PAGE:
IoT Control Wins Trusted Environment Hackathon
Internet of Things (IoT) security got a boost this week: SafeHaven, a system that enables granular control of IoT devices in a smart home, has won the inaugural GlobalPlatform Trusted Execution Environment (TEE) hackathon.
GlobalPlatform is a cross-industry body that defines and develops specifications for secure chip technology. It challenged programmers, idea generators and designers to create trusted applications that make use of the latest TEE security technology.
The winning solution impressed judges as it had two trusted applications (one securing the user credentials and one controlling user access in a TEE) as well as two mobile applications (one performing administration and one performing user functionality).
Without prior experience of using the technology, developers Subhash Gutti and Harish Gowda created a functioning gateway system during the hackathon which remotely, instantly and securely denies or grants access to IoT devices using the TEE.
"In the age of mobile and IoT devices, the importance of secure operations and transactions of applications, backed by hardware security, is acknowledged and valued more than ever," said Henry Lee, vice president of security R&D for Samsung Mobile, which sponsored the event. "I believe that this hackathon will continue to act as a catalyst for recognizing the importance of trusted applications, TEE and hardware-backed security."
Rolling IDs, a start-up focusing on producing small wearable asset trackers, was named runner up, as it successfully demonstrated how TEE technology can host an algorithm that ensures privacy-by-design tracking mechanism. The second runner up, TuffPass, was a TEE-based consumer object which was designed to create, store and retrieve strong passwords.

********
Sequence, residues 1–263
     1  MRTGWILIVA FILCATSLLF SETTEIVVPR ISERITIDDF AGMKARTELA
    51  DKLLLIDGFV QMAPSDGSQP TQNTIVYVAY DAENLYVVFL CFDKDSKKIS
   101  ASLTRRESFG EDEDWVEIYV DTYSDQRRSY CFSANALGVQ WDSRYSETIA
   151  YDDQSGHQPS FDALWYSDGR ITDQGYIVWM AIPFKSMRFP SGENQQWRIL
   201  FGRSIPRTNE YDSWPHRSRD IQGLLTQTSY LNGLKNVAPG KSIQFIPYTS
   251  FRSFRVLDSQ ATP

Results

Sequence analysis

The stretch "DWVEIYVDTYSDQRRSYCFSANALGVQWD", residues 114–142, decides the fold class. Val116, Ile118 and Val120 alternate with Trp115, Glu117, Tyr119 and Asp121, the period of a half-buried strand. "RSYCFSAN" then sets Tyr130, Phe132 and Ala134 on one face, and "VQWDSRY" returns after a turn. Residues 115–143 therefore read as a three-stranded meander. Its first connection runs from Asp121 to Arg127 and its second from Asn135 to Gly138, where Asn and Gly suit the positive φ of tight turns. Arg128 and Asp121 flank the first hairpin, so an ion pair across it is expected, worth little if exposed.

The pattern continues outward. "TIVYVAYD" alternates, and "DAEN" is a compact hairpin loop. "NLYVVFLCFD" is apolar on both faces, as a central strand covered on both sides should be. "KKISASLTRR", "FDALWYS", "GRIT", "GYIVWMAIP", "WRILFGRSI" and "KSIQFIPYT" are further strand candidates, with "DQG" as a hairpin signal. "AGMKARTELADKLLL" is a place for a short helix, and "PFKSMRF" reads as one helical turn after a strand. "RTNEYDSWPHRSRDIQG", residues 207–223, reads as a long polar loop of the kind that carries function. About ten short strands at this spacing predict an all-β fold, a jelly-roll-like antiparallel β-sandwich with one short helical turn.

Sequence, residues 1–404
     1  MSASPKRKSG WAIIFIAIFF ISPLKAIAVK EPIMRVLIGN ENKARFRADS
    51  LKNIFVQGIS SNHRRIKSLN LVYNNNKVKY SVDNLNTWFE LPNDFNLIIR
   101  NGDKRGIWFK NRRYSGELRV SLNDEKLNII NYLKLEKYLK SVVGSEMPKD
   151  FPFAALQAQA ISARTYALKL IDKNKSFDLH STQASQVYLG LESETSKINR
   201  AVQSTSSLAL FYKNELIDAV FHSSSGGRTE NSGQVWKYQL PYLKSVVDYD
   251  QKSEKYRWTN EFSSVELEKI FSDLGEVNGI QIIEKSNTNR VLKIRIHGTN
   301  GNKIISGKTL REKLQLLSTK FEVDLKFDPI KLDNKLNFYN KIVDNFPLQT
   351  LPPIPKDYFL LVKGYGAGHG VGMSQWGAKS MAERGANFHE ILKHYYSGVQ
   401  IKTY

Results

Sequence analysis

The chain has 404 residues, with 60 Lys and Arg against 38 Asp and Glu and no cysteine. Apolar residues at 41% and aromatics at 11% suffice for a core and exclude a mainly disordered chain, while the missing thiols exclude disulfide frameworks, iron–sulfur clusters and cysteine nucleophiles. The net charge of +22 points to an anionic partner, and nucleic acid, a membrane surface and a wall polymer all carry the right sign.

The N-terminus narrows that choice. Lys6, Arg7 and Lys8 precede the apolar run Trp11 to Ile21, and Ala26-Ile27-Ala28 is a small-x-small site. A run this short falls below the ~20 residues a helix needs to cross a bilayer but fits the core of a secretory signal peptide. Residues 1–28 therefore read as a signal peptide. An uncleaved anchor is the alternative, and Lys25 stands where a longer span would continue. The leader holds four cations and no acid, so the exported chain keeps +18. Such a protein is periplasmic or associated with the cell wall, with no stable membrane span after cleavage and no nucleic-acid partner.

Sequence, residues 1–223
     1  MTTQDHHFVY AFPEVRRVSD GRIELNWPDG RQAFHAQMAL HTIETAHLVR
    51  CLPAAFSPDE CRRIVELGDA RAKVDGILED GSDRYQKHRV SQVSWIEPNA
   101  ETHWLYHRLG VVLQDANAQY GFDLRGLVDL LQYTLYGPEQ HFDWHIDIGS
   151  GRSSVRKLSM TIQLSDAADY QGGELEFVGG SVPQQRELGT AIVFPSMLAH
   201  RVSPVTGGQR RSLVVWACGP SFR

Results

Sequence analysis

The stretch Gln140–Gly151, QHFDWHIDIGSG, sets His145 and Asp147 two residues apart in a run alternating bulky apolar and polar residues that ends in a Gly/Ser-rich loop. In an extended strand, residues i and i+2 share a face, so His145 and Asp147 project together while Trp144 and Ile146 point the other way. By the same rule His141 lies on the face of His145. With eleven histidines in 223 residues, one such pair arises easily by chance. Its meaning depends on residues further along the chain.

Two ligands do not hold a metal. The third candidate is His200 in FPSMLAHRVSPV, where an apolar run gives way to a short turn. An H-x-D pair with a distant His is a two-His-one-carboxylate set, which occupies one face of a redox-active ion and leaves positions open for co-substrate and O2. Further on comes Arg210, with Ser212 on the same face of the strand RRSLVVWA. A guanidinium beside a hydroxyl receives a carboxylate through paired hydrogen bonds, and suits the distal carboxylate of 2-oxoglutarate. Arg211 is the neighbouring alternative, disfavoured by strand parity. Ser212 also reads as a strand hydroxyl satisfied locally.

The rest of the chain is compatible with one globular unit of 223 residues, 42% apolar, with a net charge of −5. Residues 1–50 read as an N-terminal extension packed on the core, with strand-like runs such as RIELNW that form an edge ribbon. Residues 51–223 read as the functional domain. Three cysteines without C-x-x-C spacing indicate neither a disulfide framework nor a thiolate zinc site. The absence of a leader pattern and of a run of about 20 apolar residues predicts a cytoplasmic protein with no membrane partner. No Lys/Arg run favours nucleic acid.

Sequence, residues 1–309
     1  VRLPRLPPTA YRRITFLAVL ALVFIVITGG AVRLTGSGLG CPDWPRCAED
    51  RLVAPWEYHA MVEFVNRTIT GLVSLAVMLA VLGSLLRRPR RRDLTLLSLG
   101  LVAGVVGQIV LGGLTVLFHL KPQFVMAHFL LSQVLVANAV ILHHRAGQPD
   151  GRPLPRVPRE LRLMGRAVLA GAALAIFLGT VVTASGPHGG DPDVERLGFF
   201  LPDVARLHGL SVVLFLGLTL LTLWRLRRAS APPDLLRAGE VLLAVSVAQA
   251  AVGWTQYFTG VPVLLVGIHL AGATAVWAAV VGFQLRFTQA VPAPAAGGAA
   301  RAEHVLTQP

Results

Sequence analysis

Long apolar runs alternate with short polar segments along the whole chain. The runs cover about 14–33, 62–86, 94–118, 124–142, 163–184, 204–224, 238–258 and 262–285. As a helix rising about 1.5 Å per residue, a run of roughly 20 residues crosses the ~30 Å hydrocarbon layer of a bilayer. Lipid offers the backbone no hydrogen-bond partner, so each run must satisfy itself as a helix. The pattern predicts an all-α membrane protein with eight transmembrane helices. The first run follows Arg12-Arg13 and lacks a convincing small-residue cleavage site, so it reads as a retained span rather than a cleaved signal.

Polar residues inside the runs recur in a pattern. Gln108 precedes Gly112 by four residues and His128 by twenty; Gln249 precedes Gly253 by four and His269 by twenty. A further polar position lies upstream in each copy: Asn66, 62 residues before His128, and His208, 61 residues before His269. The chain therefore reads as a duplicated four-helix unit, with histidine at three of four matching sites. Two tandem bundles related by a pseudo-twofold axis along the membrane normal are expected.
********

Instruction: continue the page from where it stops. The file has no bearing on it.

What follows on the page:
“The TEE is poised to become the standard for ensuring device integrity, data confidentiality and authenticity for IoT devices,” said Abhijeet Rane, vice president of marketing at Sequitur Labs, which provided the development platform in the form of a Raspberry Pi and its TEE virtual environment. “It is imperative for developers to understand this technology and learn to develop applications that utilize it. The TEE hackathon event provided the opportunity to engage with and train developers, and a forum for developers to learn about TEE use cases.”
Hackathon participants were invited to compete for cash prizes and the chance to present their trusted applications to TEE experts at the GlobalPlatform TEE Conference.
“Our objective in setting up this hackathon was to allow developers to implement ideas on TEE and the result has been outstanding; developers were able to quickly develop impressive secure application prototypes,” said Gil Bernabeu, technical director for GlobalPlatform.
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Source: Information Security Magazine